A cold basement is a common issue that perplexes homeowners who want to enjoy their basement living space without having to resort to space heaters or extra layers of clothing in the winter. Many homeowners use their basements as fully livable areas such as recreation rooms, work spaces or play areas. This means that ensuring proper warmth and comfort are essential.
If you notice a drastic temperature difference between your basement and the rest of your home, here are a few areas to consider that may explain why your basement is cold.
Basements sit below ground level and so, naturally, they can often become damp. Make sure you are running a dehumidifier if your basement is damp as this will remove excess moisture from the air and will not only make the area more comfortable, but will also help to protect against the growth of mold. Moisture control is especially true if you have a shower in the basement, as this moisture needs to be removed from the area, preferably through a bathroom exhaust fan.
Are your laundry machines located in the basement? The dryer produces a large amount of heat that needs to be properly vented to the outside of your home. It is important to inspect the connections for your dryer. If moisture is leaking from the dryer ventilation into your basement, this can add to the dampness issue you are experiencing.
Finally, cracks in your foundation can allow cold air into the home and also water. Ensure to inspect any cracks in your foundation, or water found on the basement floor, to determine the source and the necessary steps to repair the damage.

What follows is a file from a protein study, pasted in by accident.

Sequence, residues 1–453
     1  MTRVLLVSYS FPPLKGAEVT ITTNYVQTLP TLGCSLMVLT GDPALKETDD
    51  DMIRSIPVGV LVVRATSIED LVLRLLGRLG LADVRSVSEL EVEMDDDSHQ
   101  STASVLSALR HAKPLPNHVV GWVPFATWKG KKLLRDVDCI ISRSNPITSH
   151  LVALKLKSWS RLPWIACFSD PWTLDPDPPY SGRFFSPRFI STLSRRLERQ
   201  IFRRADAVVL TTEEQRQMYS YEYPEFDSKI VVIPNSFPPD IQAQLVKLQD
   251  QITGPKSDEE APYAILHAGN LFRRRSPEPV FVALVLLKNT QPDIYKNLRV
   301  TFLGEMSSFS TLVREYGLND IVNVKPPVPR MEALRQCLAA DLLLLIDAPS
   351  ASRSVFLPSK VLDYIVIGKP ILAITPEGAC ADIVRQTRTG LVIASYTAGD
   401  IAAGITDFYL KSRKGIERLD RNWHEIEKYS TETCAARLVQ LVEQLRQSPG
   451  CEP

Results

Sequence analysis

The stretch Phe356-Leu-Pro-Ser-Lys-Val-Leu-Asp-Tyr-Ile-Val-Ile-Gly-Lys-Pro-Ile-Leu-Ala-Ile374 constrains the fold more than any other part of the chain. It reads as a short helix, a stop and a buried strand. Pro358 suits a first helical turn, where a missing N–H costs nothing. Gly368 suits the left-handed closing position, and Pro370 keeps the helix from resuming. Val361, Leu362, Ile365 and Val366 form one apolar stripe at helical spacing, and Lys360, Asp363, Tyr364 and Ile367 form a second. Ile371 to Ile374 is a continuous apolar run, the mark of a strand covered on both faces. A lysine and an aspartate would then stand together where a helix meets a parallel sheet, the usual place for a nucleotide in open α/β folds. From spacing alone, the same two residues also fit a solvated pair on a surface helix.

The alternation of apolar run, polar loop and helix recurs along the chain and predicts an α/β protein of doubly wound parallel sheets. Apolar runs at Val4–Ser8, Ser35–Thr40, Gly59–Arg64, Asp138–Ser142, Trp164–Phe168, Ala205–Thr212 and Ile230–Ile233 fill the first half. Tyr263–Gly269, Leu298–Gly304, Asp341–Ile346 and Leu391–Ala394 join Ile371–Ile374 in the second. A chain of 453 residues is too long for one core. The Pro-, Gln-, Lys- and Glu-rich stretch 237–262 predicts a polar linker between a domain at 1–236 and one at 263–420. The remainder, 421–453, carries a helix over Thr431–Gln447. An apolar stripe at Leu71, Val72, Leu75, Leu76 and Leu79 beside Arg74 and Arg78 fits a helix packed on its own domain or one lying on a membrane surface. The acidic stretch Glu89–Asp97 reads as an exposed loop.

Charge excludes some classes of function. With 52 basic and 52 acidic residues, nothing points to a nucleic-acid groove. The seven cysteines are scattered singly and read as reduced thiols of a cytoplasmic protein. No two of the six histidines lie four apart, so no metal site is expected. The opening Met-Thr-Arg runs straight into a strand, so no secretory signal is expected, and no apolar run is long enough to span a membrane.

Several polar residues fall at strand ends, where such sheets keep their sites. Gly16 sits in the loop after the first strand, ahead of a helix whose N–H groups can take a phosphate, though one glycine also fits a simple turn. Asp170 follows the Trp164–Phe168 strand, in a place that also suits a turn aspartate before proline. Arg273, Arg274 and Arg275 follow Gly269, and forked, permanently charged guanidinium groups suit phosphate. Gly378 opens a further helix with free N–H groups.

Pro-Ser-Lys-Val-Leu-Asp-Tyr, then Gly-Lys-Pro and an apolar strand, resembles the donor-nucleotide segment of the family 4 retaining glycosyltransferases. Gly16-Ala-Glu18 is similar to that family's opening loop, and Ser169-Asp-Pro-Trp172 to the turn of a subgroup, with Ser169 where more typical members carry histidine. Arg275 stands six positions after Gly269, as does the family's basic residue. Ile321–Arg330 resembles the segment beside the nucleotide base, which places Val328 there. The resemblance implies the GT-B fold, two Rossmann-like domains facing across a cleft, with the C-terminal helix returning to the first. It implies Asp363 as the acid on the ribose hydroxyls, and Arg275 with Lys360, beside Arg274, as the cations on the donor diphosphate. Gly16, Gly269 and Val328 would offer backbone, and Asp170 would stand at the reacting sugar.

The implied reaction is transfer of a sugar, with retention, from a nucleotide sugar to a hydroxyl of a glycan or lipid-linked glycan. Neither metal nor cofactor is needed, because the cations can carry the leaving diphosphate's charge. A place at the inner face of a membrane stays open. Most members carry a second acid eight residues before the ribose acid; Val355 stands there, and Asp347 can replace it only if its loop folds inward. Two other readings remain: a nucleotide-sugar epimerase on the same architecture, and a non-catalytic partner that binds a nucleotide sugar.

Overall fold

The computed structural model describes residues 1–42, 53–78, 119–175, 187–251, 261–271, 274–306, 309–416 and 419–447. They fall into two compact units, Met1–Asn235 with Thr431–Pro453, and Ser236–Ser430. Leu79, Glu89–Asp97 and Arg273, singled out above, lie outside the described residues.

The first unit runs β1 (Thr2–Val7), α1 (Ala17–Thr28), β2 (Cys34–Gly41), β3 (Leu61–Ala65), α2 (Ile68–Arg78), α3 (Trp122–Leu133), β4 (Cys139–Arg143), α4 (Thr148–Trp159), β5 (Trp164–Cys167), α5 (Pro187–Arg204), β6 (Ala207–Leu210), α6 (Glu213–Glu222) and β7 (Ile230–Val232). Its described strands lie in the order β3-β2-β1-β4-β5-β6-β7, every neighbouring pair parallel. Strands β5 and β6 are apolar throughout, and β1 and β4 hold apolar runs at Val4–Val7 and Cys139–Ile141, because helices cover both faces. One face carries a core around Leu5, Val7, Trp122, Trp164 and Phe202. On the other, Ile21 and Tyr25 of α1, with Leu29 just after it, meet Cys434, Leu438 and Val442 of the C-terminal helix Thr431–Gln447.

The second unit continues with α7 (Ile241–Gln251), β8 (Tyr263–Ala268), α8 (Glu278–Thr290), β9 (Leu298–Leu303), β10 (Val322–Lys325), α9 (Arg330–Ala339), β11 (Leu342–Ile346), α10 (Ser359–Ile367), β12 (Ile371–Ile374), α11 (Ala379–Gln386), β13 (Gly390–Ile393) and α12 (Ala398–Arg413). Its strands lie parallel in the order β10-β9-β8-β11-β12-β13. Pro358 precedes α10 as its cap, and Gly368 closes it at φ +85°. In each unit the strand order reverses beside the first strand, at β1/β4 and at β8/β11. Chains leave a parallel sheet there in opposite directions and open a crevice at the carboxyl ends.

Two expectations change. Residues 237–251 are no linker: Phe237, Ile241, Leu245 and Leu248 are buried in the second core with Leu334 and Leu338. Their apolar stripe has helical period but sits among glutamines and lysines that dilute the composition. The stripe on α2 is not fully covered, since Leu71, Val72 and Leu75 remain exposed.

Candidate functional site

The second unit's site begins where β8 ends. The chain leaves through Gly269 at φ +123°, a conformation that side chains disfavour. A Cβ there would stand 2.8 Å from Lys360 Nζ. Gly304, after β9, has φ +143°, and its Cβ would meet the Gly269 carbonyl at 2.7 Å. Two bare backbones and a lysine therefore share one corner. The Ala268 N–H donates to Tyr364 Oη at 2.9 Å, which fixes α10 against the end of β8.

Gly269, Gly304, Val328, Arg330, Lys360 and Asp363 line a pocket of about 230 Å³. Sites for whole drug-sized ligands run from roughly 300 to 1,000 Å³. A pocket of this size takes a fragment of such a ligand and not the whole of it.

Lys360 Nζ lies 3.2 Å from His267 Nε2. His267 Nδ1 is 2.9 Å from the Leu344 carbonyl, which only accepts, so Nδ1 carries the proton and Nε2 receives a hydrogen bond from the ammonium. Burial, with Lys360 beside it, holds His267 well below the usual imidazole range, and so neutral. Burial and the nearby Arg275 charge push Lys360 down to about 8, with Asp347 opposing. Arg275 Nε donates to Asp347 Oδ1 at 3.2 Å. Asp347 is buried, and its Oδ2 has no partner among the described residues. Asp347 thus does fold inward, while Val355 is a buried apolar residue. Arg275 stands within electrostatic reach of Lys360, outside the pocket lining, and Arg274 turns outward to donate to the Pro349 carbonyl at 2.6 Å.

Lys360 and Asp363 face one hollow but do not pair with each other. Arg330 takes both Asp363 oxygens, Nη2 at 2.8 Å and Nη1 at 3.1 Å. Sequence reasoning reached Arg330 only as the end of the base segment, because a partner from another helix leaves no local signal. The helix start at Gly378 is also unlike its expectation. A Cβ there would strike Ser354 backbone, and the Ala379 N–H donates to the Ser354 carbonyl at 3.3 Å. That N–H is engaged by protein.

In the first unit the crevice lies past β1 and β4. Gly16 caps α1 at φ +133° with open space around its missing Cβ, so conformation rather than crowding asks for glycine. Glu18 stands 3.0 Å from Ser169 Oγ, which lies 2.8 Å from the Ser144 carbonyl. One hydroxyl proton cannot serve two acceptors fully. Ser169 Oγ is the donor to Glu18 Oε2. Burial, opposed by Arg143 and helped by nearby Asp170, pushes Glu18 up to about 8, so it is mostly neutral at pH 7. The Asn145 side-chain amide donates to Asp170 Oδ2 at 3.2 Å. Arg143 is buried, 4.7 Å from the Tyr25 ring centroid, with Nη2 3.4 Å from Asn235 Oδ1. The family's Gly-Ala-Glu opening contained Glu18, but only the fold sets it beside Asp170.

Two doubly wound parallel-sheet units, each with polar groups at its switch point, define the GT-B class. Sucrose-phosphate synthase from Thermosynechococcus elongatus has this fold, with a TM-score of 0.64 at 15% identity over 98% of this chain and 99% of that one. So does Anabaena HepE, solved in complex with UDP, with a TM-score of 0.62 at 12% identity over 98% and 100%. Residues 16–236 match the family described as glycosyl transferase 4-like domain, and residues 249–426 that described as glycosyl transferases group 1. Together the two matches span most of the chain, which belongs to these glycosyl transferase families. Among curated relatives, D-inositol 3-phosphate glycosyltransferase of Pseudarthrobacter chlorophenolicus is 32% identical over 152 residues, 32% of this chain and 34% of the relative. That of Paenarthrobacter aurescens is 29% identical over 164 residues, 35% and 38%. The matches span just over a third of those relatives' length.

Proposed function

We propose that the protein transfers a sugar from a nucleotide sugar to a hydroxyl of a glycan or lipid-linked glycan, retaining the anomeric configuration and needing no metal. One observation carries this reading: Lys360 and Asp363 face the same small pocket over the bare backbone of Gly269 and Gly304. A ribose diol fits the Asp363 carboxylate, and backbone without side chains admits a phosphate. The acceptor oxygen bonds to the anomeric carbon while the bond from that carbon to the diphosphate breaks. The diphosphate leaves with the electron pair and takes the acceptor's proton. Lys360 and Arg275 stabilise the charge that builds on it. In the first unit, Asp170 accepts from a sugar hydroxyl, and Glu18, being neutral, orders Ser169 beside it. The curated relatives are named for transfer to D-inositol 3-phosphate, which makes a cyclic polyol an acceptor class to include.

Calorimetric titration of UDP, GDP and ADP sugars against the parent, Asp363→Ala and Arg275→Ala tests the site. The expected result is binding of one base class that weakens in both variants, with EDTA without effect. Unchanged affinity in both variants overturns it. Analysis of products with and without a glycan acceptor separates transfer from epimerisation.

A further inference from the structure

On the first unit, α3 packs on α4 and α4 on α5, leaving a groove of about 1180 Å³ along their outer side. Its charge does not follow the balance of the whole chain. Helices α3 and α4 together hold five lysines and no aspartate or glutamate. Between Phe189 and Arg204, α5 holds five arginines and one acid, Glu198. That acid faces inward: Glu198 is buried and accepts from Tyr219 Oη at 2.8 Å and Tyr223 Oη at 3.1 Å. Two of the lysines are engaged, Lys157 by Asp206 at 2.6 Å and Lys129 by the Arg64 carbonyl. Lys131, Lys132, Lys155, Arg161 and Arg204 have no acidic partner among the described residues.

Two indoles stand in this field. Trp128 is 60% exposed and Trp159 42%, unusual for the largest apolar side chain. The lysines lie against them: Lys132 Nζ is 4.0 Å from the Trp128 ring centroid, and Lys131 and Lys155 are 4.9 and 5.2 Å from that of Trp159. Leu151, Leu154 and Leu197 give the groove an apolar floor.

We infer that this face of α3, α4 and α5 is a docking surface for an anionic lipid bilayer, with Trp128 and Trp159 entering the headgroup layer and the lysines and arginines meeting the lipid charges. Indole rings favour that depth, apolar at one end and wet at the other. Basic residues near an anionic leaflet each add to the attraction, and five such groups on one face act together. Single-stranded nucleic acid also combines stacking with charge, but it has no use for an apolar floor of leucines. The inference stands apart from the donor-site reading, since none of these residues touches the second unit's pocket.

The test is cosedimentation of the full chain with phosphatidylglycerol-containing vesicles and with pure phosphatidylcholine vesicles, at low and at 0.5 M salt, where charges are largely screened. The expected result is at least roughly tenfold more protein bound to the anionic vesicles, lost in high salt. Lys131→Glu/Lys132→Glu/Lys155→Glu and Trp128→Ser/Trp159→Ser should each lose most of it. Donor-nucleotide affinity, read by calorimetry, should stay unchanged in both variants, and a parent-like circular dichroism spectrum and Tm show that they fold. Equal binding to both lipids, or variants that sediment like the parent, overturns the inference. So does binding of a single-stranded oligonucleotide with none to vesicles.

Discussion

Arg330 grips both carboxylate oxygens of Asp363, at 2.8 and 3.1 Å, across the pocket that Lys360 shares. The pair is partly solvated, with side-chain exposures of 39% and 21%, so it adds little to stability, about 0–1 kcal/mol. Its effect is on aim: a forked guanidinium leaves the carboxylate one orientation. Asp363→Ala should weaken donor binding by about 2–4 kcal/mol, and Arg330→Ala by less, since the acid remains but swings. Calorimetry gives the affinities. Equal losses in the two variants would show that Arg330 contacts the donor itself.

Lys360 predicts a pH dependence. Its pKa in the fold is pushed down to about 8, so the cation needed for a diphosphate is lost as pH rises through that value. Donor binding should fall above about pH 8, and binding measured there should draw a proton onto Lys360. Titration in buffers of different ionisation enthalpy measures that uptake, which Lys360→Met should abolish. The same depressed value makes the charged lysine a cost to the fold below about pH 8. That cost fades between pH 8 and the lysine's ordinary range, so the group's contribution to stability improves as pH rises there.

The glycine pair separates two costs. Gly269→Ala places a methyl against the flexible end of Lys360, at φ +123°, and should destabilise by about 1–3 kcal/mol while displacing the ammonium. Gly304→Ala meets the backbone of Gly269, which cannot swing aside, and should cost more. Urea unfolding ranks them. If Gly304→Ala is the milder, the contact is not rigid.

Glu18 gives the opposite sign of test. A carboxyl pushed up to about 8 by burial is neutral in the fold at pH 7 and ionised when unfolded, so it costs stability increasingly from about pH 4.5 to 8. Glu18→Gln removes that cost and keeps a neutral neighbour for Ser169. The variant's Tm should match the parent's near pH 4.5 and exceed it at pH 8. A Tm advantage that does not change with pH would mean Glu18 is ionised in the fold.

Most basements are insulated using the traditional method of framing and then filling the gaps between the studs with insulation. This is an effective technique, but it does leave room for heat loss through what is known as thermal bridging. This occurs when the insulation is not forming a complete wall of insulation, but rather is interrupted by the wood studs. These studs are not insulated and allow air to transfer through them and to the outside. This lowers the energy efficiency of the home and allows heat to be lost in the winter.
If you are renovating or looking to improve the insulation in your basement, consider continuous insulation around the basement that allows no thermal bridging. Rigid board stock insulation can be applied against the foundation wall prior to framing with studs and prior to adding the normal insulation.
Basement windows are a common source of heat loss. If you have older windows, check the sealing around them to ensure it does not require repair. Also check to see if your windows could use an upgrade. Double and triple pane windows are excellent options for immediately improving the insulating ability of your basement.
Since heat rises, and because the top floors of the home have more windows and sunlight, the basement will always be colder by a few degrees. Since the thermostat is typically placed on the main floor of the home, where rising heat and solar heat from the windows are providing warmth, the thermostat is always registering the heat on the main floor as if it is the heat of the entire house.
This creates a situation where the home has uneven heating, and a colder basement. One easy fix is to install a smart thermostat, such as a NEST or an Ecobee. These devices have sensors that can be placed in the colder areas of the home that communicate with the thermostat that additional heat is required in that area.
Additional Heating Options
Radiant floor heating in Ottawa is a great way to add extra warmth and comfort to your basement space. Hot water piping is buried beneath your basement floor and allows radiant heat waves to rise and provide a uniform heating source across the basement. PEX tubing is a great option to carry the hot water in these systems as it is cheaper than copper, does not rust, and won’t burst in extreme cold like regular plumbing.